So unlike the '93 Blue Jays and Rickey Henderson, the '96 Yankees and Fielder proved to be a lovely match for one another. A point for making big deals at the deadline!
2004 Red Sox Ditch Nomar Garciaparra, Good Things Happen
The '04 Red Sox were looking like underachievers by the time the deadline came. They were only 10 games over .500 and were well behind the Yankees in the race for the AL East.
Sox GM Theo Epstein responded by sending one of the team's biggest stars packing. Former All-Star shortstop Nomar Garciaparra was sent to the Chicago Cubs as part of a three-team deal that netted the Red Sox two defensive standouts: first baseman Doug Mientkiewicz from the Minnesota Twins and shortstop Orlando Cabrera from the Montreal Expos.
The deal had the desired effect. Mientkiewicz barely managed a .600 OPS at the plate, but he gave the Red Sox a 0.2 Defensive WAR at first base, according to Baseball-Reference.com. Cabrera also posted a solid dWAR, and he gave the Red Sox production with his bat as well. After posting a .634 OPS in Montreal, he posted a .785 OPS in Boston.
The deal was a bold and risky venture by Epstein, and he was rewarded.
For his next big deadline move? Not so much.
2007 Red Sox Pay Big Price for Eric Gagne, Nothing Happens
The '07 Red Sox were set at closer with Jonathan Papelbon throwing heat in the ninth inning, but they found themselves in need of a good right-handed setup man to complement the lefty-throwing Hideki Okajima.
Enter 2003 National League Cy Young winner Eric Gagne, whom the Red Sox acquired on deadline day from the Texas Rangers in exchange for young outfielder David Murphy and left-handers Kason Gabbard and Engel Beltre.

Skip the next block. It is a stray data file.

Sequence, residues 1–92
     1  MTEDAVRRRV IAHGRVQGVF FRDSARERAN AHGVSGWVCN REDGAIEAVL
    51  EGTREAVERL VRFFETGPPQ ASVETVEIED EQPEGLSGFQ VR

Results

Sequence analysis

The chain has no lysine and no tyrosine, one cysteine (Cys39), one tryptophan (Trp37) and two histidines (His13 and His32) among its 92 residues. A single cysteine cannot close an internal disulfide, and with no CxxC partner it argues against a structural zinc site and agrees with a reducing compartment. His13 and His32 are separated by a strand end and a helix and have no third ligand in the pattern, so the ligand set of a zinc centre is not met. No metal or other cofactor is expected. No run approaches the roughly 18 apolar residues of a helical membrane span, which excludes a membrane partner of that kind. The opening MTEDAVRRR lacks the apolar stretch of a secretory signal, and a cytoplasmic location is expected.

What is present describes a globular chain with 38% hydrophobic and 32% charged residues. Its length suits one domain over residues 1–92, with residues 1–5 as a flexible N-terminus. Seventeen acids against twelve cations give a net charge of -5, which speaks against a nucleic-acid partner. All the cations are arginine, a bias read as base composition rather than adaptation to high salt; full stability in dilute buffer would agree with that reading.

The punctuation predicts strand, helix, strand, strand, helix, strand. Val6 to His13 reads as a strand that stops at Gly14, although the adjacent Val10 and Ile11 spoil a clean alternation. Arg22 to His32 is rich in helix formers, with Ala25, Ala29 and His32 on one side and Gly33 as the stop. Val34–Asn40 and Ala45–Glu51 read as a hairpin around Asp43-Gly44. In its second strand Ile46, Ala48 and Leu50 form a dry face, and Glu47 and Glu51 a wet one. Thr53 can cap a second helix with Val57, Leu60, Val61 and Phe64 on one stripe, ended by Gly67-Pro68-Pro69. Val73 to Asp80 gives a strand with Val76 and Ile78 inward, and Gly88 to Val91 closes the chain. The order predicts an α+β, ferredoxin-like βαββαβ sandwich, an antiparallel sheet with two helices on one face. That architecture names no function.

Gagne had been a terrific closer for the Rangers, posting a 2.16 ERA in 34 appearances with 16 saves. But for the Red Sox, he was a disaster. He had an ERA close to 7.00 in 20 appearances and was eventually restricted to mop-up duty in the postseason.
Gagne was basically Boston's Rickey Henderson. Except worse.
2011 Cardinals Trade for Everyone, Good Things Happen
The 2011 Cardinals were kinda mediocre. Especially at shortstop, where they spent much of the first half relying on the services of the perennially just-OK Ryan Theriot.
Deadline day saw Cards GM John Mozeliak change that by acquiring former All-Star shortstop Rafael Furcal from the Los Angeles Dodgers for outfield prospect Alex Castellanos.
That wasn't the only deadline deal Mozeliak made in 2011. He had pulled off a blockbuster with the Blue Jays a couple days earlier, sending Colby Rasmus, Trever Miller, Brian Tallet and P.J. Walters to Toronto for Edwin Jackson, Octavio Dotel, Corey Patterson and Marc Rzepczynski.